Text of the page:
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Modified Milgram Experiment - Leftists Less Inclined to Follow Orders.
#1

[Hardly surprising finding....!]

Modified Milgram Experiment Finds Leftists Less Inclined to Follow Destructive Orders

By Eileen Shim


[Image: 33563239.png?w=307&h=200&crop=1]






"… The study also found that people holding left-wing political views were less willing to hurt others. One particular group held steady and refused destructive orders: women who had previously participated in rebellious political activism such as strikes or occupying a factory.' …"

Psychologists Have Uncovered a Troubling Feature of People Who Seem Too Nice

By Eileen Shim

In 1961, curious about a person's willingness to obey an authority figure, social psychologist Stanley Milgram began trials on his now-famous experiment. In it, he tested how far a subject would go electrically shocking a stranger (actually an actor faking the pain) simply because they were following orders. Some subjects, Milgram found, would follow directives until the person was dead.

The news: A new Milgram-like experiment published this month in the Journal of Personality has taken this idea to the next step by trying to understand which kinds of people are more or less willing to obey these kinds of orders. What researchers discovered was surprising: Those who are described as "agreeable, conscientious personalities" are more likely to follow orders and deliver electric shocks that they believe can harm innocent people, while "more contrarian, less agreeable personalities" are more likely to refuse to hurt others.
The methodology and findings: For an eight-month period, the researchers interviewed the study participants to gauge their social personality, as well as their personal history and political leanings. When they matched this data to the participants' behavior during the experiment, a distinct pattern emerged: People who were normally friendly followed orders because they didn't want to upset others, while those who were described as unfriendly stuck up for themselves.
"The irony is that a personality disposition normally seen as antisocial disagreeableness may actually be linked to pro-social' behavior,'" writes Psychology Todays Kenneth Worthy. "This connection seems to arise from a willingness to sacrifice one's popularity a bit to act in a moral and just way toward other people, animals or the environment at large. Popularity, in the end, may be more a sign of social graces and perhaps a desire to fit in than any kind of moral superiority."
The study also found that people holding left-wing political views were less willing to hurt others. One particular group held steady and refused destructive orders: "women who had previously participated in rebellious political activism such as strikes or occupying a factory."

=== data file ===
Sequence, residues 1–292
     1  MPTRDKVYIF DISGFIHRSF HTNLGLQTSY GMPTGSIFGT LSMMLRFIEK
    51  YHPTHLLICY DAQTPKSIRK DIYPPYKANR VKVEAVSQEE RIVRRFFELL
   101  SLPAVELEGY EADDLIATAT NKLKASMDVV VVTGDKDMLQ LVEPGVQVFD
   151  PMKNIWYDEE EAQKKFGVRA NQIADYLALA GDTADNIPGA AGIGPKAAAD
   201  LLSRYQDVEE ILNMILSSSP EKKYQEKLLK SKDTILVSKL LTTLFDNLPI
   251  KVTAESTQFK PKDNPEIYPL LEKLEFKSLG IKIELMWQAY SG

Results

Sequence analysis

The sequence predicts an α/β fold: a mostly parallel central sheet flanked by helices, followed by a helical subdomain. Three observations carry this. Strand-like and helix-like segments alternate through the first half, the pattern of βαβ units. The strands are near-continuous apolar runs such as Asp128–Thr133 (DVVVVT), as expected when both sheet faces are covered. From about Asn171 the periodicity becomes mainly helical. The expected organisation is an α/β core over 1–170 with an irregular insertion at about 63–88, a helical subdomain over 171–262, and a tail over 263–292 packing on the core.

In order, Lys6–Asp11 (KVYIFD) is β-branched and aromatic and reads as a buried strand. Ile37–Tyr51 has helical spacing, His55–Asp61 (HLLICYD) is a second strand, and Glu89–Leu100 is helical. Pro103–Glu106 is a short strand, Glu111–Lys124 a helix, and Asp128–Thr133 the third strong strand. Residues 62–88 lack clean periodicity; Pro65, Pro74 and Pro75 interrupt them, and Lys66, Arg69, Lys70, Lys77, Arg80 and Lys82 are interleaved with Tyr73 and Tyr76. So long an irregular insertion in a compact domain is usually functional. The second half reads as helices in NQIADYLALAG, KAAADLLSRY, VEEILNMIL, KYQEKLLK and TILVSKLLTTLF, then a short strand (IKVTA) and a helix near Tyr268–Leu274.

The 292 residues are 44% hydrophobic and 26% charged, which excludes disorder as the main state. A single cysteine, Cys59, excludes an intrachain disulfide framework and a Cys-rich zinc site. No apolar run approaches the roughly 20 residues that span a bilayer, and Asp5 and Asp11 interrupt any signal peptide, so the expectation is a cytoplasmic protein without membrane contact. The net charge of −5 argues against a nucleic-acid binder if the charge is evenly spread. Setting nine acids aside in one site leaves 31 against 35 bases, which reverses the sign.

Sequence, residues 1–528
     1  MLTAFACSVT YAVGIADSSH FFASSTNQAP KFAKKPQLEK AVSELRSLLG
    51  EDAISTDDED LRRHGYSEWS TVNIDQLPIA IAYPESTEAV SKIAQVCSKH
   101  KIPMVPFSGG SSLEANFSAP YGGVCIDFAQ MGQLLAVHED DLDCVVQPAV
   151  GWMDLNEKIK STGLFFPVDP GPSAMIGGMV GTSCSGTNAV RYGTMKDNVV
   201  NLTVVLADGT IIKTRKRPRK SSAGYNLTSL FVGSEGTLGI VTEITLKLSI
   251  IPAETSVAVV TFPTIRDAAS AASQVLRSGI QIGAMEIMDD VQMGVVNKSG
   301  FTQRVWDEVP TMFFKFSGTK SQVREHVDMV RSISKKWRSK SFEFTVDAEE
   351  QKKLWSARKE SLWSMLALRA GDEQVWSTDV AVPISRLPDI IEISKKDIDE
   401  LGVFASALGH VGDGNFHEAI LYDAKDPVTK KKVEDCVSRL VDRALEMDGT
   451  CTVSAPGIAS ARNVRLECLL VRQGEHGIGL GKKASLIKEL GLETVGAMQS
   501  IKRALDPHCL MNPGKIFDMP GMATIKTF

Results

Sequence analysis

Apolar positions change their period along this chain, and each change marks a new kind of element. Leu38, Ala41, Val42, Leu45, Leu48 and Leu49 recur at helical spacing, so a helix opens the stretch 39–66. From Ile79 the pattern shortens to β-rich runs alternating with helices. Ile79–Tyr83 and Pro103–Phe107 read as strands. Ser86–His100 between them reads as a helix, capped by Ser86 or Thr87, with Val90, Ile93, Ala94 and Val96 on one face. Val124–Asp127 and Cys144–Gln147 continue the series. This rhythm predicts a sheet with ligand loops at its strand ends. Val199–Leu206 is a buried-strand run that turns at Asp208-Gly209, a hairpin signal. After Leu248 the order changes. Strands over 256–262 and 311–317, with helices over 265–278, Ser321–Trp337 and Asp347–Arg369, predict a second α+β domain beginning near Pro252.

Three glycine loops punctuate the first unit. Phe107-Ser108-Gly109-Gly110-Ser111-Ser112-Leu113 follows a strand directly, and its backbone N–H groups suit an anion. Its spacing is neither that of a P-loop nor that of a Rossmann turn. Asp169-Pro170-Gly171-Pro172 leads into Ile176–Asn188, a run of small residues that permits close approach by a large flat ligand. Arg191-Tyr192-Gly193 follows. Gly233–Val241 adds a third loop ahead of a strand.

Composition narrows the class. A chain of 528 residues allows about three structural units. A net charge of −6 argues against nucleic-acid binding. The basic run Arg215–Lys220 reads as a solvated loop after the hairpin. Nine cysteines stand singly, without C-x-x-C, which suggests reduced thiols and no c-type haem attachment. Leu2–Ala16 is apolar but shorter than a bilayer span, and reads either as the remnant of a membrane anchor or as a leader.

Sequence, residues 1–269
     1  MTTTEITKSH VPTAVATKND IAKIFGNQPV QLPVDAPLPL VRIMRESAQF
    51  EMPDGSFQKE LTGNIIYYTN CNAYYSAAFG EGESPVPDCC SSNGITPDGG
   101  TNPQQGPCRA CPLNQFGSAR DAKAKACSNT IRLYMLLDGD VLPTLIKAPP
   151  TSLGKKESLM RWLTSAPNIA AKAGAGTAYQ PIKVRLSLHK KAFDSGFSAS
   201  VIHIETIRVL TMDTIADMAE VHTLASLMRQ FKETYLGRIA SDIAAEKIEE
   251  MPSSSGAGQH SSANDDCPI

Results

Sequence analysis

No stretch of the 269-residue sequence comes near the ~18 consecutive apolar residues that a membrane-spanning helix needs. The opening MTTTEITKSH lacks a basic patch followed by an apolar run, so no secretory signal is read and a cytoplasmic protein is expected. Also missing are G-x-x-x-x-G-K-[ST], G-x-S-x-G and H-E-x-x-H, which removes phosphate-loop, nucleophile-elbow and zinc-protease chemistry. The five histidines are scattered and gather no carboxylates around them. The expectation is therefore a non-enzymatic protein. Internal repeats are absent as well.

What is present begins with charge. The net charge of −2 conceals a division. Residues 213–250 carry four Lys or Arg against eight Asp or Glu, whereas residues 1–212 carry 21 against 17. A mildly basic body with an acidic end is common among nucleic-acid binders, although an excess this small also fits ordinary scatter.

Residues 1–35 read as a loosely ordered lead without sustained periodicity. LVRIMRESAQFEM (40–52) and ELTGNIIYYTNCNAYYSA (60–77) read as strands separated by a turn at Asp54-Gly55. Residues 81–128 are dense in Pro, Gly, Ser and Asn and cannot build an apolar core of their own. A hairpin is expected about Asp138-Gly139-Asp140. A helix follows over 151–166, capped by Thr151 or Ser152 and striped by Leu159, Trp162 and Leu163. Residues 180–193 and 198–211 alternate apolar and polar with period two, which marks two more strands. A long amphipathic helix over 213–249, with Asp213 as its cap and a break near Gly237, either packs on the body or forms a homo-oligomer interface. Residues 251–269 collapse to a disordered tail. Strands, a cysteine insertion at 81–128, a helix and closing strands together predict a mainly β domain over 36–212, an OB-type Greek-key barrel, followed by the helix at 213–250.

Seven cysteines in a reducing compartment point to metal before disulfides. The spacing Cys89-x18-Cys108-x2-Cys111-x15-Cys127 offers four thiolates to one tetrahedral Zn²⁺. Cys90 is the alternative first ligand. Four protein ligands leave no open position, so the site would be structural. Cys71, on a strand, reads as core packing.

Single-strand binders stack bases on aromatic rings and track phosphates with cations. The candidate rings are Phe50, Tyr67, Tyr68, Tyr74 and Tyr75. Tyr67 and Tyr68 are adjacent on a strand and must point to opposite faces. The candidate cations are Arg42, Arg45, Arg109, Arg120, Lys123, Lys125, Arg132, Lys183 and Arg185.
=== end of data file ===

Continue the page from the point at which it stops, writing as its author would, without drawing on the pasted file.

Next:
The Nazi effect: The findings lend themselves even further to Milgram's original goal in the '60s: trying to understand the rise of Nazism. Milgram began his experiments in July 1961, three months after the start of the trial of German Nazi war criminal Adolf Eichmann. He believed his findings might help explain how seemingly nice people can do horrible things if they are ordered to do so.
Does that mean the Nazis were just nice people trying to follow orders and be polite? You probably wouldn't want to go that far, but suffice to say, it turns out nice people just want to appease authorities, while rebels stick to their guns.
http://mic.com/articles/92479/psychologi...m-too-nice
"Let me issue and control a nation's money and I care not who writes the laws. - Mayer Rothschild
"Civil disobedience is not our problem. Our problem is civil obedience! People are obedient in the face of poverty, starvation, stupidity, war, and cruelty. Our problem is that grand thieves are running the country. That's our problem!" - Howard Zinn
"If there is no struggle there is no progress. Power concedes nothing without a demand. It never did and never will" - Frederick Douglass
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#2
Peter Lemkin Wrote:Does that mean the Nazis were just nice people trying to follow orders and be polite? You probably wouldn't want to go that far, but suffice to say, it turns out nice people just want to appease authorities, while rebels stick to their guns.

The study seems to say that rebels stick to thier good manners.
"All that is necessary for tyranny to succeed is for good men to do nothing." (unknown)

James Tracy: "There is sometimes an undue amount of paranoia among some conspiracy researchers that can contribute to flawed observations and analysis."

Gary Cornwell (Dept. Chief Counsel HSCA): "A fact merely marks the point at which we have agreed to let investigation cease."

Alan Ford: "Just because you believe it, that doesn't make it so."
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#3
Drew Phipps Wrote:
Peter Lemkin Wrote:Does that mean the Nazis were just nice people trying to follow orders and be polite? You probably wouldn't want to go that far, but suffice to say, it turns out nice people just want to appease authorities, while rebels stick to their guns.

The study seems to say that rebels stick to their good manners.
Yes, they're not looking for approval from others. Just do what they know is the right thing to do. Up the Rebels! :Pirate:
"The philosophers have only interpreted the world, in various ways. The point, however, is to change it." Karl Marx

"He would, wouldn't he?" Mandy Rice-Davies. When asked in court whether she knew that Lord Astor had denied having sex with her.

“I think it would be a good idea” Ghandi, when asked about Western Civilisation.
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